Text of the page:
The Importance of Career Paths

There’s a new workforce dynamic today, in which the power differential has swung over to employees.

That’s according to Anne Fulton, author of The Career Engagement Game and founder of Fuel 50, who co-presented a Wednesday session at the HR Tech Conference titled “The Next Frontier of Uberization at Work: Career Pathing for a More Engaged Workforce.”

Thanks to that power shift between workers and organizationsdue to the current talent shortageemployers need to redesign a career experience to fit the transformed world in order to combat rising quit rates and falling engagement scores, Fulton said. Indeed, according to Randstad, 86 percent of employees leave their jobs due to a lack of career development.

And the problem only seems to get worse with younger workers, Fulton said. While two-thirds of millennials are expecting a better career-development experience than previous generations received, 70 percent of them will be working in jobs that will be “radically affected” by automation, she said, adding that McKinsey research shows 375 million workers globally could be displaced in their jobs by 2030 due to automation.

Companies therefore are looking for new ways to “future-proof” their workforces in order to retain sufficient talent to be able to meet their strategic objectives.

But workers are seeing a “significant” disconnect between what HR is offering and what they need, Fulton said.

“While 60 percent of HR leaders think they’re doing a good job giving employees a clear career path, only 36 percent of employees agree,” she said.

“So what we need to do is increasingly personalize the career proposition to meet the individual’s needs,” she said.

“We need to design careers around experiences, not positions, to increase satisfaction.”

To that end, Fulton’s firm compiled its top six best-in-class practices for organizations to deliver those experiences:

  • Invest in internal talent mobility;
  • Help employees understand why career agility is important;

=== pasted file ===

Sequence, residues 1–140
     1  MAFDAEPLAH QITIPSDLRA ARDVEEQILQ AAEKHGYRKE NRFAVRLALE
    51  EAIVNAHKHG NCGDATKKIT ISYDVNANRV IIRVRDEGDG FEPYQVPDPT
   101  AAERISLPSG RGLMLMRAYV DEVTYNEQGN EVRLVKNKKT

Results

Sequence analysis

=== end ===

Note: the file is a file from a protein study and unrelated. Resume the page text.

• Enable career growth on all levels of the organization, not just high-potentials;
  • Help leaders do a better job of career coaching;
  • Help leaders understand the importance of being “talent agents” for their people; and
  • Increase visibility of career paths as well as the internal talent supply for leaders.

“If you can do those six things,” she said, “you’re going to get the business outcomes you are looking for.”

Shreya Nidadavolu, a career and team growth Specialist at Indeed, then shared details of her company’s MADE Inside Indeed career-development program and its four different learning tracks.

The first is called “Manifest Your Vision,” in which employees seek to understand what’s important to them and where they envision their careers going.

Next is “Achieve Your Goals,” where workers learn the “tools, tricks and tips to really take a skills-based development approach to create dynamic action plans for themselves,”  Nidadavolu said.

The third track is called “Dare to Ask for Help,” which provides employees with networking, mentoring and coaching opportunities.

The final piece of the program is called “Evolve as You Grow,” in which “Indeedians” can seek out further experiences to continuously grow.

“It all goes back to that HR philosophy: We care about what you care about,” she said. “We want to make sure what we do has an impact. And to me, there’s nothing better than a career success story.”

Michael J. O'Brienhttp://
Michael J. O’Brien is former web editor with Human Resource Executive®.